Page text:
Animal protein

Authors note: I am just placing scientific discovery here in a black and white sense. Animals are animals. Animals have emotions, I know. What do we do in return for our meat consumption? Positive peaceful actions would be a good start in exchange for their nutrients.

Milton (1999) findings suggested that humans have a long history of eating meat.

An ape’s gut has a colon, a large winding tube designed to process a vegetarian diet.

Human gut is dominated by the small intestines. Proteins are rapidly broken down and nutrients absorbed.

The human body doesn’t produce Vitamin A and Vitamin B12. Both of which are vital for human survival. These two are found in meat.

Milton, K. (1999) A hypothesis to explain the role of meat-eating in human evolution. Evolutionary Anthropology: Issues, News, and Reviews pp 11-21;2-M/abstract


Tall Poppy

What role does a tall poppy play in the bigger picture?
Divert attention away from other’s own issues. An anti-depressant for others. Be ready.

“There is compelling evidence from traditional societies that people use ridicule, ostracism, and even homicide to deter individuals whose ambitions lead them to strive for dominance” (Boehm 1999)

A person who achieves something of note is an important part of the bigger picture.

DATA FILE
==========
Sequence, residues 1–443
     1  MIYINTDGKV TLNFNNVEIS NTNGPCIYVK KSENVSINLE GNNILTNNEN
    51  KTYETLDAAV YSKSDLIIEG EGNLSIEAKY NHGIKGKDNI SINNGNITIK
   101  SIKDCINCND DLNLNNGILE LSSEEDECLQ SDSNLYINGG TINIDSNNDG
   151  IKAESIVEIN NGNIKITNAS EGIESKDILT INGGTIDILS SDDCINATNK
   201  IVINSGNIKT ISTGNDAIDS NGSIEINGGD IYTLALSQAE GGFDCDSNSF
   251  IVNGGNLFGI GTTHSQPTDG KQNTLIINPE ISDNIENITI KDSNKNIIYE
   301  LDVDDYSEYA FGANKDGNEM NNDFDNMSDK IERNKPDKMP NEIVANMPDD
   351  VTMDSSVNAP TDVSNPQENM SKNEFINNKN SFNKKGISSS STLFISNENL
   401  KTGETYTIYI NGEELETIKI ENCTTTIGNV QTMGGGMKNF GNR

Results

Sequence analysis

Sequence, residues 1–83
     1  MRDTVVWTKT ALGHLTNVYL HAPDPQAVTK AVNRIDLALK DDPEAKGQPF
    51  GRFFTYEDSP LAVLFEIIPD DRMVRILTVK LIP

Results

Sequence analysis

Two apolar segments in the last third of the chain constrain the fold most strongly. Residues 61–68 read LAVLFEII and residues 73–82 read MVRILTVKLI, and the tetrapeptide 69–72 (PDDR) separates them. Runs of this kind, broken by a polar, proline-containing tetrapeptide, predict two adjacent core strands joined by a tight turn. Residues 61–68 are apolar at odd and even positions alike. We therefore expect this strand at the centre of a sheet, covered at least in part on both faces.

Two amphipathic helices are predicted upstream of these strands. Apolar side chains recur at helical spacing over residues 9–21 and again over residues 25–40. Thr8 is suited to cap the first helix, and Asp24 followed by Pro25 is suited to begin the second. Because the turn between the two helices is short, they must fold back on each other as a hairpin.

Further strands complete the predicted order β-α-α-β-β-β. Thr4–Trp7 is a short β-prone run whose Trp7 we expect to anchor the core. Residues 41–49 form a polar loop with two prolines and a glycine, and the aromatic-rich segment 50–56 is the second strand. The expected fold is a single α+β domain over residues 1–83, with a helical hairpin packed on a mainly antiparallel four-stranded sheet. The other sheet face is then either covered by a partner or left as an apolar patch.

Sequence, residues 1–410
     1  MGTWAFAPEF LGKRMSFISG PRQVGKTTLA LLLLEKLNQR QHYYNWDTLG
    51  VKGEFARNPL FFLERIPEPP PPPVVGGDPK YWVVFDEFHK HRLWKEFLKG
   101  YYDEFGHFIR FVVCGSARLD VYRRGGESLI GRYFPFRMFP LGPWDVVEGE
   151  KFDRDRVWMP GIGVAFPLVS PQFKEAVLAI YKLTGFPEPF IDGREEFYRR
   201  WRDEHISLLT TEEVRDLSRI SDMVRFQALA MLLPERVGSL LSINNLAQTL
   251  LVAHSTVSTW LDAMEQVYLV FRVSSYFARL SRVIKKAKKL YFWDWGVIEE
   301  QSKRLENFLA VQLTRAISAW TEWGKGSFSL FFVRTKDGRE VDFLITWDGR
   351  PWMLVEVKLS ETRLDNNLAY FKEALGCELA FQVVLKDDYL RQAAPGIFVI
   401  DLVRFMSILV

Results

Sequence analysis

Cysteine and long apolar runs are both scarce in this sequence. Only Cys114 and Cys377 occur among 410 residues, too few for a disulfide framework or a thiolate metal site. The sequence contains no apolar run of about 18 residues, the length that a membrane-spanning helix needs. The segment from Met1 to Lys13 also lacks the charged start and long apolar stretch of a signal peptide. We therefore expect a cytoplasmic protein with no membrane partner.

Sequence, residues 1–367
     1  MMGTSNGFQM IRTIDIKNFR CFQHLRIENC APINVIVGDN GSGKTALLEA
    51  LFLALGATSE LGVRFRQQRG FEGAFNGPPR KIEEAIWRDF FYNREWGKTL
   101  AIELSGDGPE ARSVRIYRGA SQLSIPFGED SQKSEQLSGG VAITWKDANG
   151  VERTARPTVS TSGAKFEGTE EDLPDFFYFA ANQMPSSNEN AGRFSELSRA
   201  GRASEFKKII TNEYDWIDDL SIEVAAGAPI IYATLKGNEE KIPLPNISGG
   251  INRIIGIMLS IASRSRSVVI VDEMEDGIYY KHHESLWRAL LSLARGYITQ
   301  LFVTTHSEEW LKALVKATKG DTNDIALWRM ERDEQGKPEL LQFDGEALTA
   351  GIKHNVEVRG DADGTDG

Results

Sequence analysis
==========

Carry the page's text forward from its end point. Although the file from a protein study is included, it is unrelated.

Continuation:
A person who achieves something has a unique ability.
A person who achieves has the ability to turn self-loathing into plain old loathing.

As people look upon the tall poppy in the sun’s gaze they are free of their own issues, problems or worries.
As people look upon the tall poppy in the sun’s gaze they are not concerned with their husbands, wives, girlfriends, boyfriends and children issues.
As people look upon the tall poppy they are free.

They are free to turn self loathing into loathing.
They are free of their own worries.
They are free to criticise someone other than themselves.

This is a beautiful power for one person to have.
This is something to embrace.
This is powerful.

Are the tall poppy’s ready to harvest?

Christopher Boehm (1999) Hierarchy in the Forest: The Evolution of Egalitarian Behavior. Cambridge, MA: Harvard University Press